Some Black Fives Era birthdays this week:
Harry “Bucky” Lew
Harry “Bucky” Lew, the first African American professional basketball player, was born in Lowell, Massachusetts on January 4, 1884.
Lew played basketball at the Lowell (Ma.) Y.M.C.A. before jumping to the professional New England League in 1902 during its inaugural season.
Lew’s family has been lobbying for years to have him enshrined in the Basketball Hall of Fame.
My guess is that this will not happen soon. That’s because his playing career was obscure and the impact of his solitary pioneering contribution doesn’t appear to have been far reaching.
For example, his breaking of the color barrier in the white pro hoops circuit was not widely reported outside of western Massachusetts and apparently didn’t open up many doors for other African Americans.
The idea of having him enshrined seems like it would have to be more of an honorary nod.
The Basketball Hall of Fame officially recognizes Harry Lew as the first African American basketball professional.
This is documented in a 1978 letter to one of Lew’s living descendants in which then executive director Lee Williams wrote, “It will be our position that pending further documented information (if any), we will consider Mr. Lew the first Negro to play professional basketball.”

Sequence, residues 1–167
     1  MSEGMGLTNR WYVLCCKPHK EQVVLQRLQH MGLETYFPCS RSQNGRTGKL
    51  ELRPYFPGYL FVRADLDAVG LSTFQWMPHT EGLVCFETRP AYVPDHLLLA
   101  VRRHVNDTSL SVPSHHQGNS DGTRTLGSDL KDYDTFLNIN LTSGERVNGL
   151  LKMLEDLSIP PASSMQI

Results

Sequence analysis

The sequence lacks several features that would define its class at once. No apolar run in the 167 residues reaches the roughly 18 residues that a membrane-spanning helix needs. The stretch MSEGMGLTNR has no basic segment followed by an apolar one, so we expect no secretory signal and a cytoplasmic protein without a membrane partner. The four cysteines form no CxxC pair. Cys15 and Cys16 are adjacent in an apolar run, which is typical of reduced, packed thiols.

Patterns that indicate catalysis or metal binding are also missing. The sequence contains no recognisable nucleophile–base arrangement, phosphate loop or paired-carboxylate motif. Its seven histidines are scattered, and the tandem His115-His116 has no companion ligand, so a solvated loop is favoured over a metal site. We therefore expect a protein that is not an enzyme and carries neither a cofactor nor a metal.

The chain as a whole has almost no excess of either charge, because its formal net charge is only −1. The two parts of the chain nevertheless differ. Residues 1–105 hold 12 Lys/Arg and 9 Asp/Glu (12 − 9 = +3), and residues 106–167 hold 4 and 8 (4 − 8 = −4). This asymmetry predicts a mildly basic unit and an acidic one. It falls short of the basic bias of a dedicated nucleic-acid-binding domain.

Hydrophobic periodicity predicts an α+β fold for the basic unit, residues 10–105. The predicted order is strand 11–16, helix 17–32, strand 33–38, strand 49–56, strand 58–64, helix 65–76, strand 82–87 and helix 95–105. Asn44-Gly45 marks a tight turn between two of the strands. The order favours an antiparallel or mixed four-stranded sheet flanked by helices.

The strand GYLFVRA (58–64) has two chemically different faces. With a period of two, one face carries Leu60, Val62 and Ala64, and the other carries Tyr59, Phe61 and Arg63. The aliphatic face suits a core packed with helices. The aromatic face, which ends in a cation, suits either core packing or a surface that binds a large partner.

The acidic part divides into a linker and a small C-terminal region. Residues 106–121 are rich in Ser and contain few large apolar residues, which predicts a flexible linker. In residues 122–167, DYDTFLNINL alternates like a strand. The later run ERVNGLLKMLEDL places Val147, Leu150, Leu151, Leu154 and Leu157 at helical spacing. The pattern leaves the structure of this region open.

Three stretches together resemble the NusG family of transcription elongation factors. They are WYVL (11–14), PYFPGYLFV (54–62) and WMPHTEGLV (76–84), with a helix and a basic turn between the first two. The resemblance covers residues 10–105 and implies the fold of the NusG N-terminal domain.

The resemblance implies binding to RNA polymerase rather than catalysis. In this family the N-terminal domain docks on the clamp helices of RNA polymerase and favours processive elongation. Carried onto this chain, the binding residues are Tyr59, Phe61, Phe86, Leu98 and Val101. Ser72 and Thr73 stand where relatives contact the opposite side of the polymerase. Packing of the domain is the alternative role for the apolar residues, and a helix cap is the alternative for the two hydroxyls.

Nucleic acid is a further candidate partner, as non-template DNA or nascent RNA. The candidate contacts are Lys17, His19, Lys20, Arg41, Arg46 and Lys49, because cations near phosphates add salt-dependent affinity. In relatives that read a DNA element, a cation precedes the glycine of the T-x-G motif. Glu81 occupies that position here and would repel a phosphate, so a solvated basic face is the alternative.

Is that enough?
The Lew family has been at it for quite some time.
Despite the “official” recognition of the Hall of Fame, and despite the fact that Lew’s ancestry traces back to the American Revolution — Barzillai Lew, a fifer and drummer, played the fife at the Battle of Bunker Hill — I wonder if there are some traces of doubt about his “black authenticity” factoring into the decision making. That’s just my own speculation.Clarence “Fats” Jenkins
Clarence “Fats” Jenkins, who’s basketball career playing with the St. Christopher Club, the New York Incorporators, the Loendi Big Five, the Commonwealth Big Five, the New York Rens, and the Chicago Crusaders, was born in New York City on January 10, 1898.
His career was perhaps the most visible and his impact perhaps the most far reaching of any basketball player — black or white — during the 1920s and 1930s.